At his AUU games growing up, Philadelphia 76ers guard Tyrese Maxey would lead his team in a prayer he once heard his dad recite.
Maxey still tries to live by the words of the prayer as a second-year NBA player: “Dear Lord, as we go through the battles of life, we ask for a chance that’s fair, a chance to equal our strides, a chance to do or dare. If we should win, let us win by the code. If we should lose, let us stand by the road, and wave as the winners go by.”
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Taken by Philadelphia with the 21st overall pick in the 2020 draft, Maxey is in the midst of a breakout season for the 76ers (27-19). His points, assists and rebounds per game totals have all at least doubled from his rookie year.
Maxey leads the 76ers in minutes (35.3) and assists (4.5) per game while averaging 16.3 points, good for third on the team. He has reached double figures in scoring the last eight games he’s appeared in dating back to Dec. 30.
roll the tape!
📹 Reel Talk with @TyreseMaxey.
pres. by @Cryptocom | #CryptoHoops pic.twitter.com/jqpSsjMyI6
— Philadelphia 76ers (@sixers) January 18, 2022
The 21-year-old expressed his gratitude to God before taking the court in his first NBA game.
“A lot of preparation went into this moment, a lot of prayers, and a lot of blessing,” he said in December 2020. “I thank God every morning when I wake up. I really appreciate Him helping me get to this point.”
Basketball and faith have been constants in Maxey’s life from the very beginning. His dad, Tyrone, finished his college career at Washington State and proceeded to become a basketball coach. By the time Maxey was 8, he was asking his dad to train him.
Maxey’s faith journey started with his grandmothers and parents, who made prayer, conversation about God, and going to church part of his childhood routine.
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It was instilled in Maxey that believing in God by itself wasn’t enough; being a Christian also meant backing that belief up with action.
“That’s exactly how I was brought up,” he recently told The Athletic. “Treat others the way you want to be treated, and that’s really it.”
Maxey has put that lesson into practice throughout his life, always looking for ways to uplift the people around him.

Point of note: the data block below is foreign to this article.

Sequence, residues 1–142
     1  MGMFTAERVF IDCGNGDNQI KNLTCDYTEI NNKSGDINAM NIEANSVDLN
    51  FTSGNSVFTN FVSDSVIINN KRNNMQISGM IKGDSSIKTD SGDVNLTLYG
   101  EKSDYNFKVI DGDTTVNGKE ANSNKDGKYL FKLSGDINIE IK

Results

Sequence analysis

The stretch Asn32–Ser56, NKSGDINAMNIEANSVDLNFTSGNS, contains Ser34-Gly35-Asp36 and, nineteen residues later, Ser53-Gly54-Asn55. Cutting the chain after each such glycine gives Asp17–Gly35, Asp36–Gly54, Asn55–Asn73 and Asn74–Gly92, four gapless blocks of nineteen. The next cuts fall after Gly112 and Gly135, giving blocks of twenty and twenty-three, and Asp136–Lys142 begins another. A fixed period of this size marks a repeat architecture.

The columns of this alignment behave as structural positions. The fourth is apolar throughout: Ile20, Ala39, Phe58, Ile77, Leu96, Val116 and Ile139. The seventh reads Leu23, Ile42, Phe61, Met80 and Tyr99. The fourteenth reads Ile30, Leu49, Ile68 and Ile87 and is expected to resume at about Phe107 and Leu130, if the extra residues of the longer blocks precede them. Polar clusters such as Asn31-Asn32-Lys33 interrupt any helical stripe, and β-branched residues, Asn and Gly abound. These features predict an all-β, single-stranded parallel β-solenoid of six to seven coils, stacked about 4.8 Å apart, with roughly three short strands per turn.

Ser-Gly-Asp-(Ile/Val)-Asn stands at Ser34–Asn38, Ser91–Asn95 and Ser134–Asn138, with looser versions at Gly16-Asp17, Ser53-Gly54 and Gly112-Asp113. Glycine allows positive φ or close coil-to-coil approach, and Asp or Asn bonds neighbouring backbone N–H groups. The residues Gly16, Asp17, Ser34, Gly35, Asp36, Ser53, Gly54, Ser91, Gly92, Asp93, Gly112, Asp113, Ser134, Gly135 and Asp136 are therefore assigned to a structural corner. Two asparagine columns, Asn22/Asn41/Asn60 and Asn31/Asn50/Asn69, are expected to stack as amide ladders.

At South Garland High School (Garland, Texas), he could be found eating lunch with a group of kids that his coach, Dominique Parker, said “nobody probably would’ve sat with.” In his single collegiate season at Kentucky, he would stick around after games to spend time with whoever was there, whether he knew them or not.
“He’s very in tune with God and he knows his purpose,” Tim Martin, Maxey’s longtime basketball trainer, told The Athletic. “I think that’s very unique in itself, that young and understanding your role, not only as a basketball player but as a human being. It’s a true testament to his faith and his upbringing.”
From the moment he started training with his dad, Maxey’s been focused on doing everything possible to get the most out of his basketball career. It’s why he had a painting he made in ninth grade of him in a Kentucky uniform to show John Calipari when the famed coach came for Maxey’s in-home visit.
His rapid rise in the NBA is just further proof of his dedication.
“I want to be able to maximize my potential,” Maxey told The Athletic. “When it’s all said and done, the ball stops bouncing and my career is over, I want to be able to say, ‘I don’t have any what-ifs. What if I worked harder? What if I went to the gym an extra day?’ I want to be able to say I gave everything I had and that was it.”
The 76ers, sitting sixth in the Eastern Conference, continue their season at 7 p.m. ET Tuesday against New Orleans at home.
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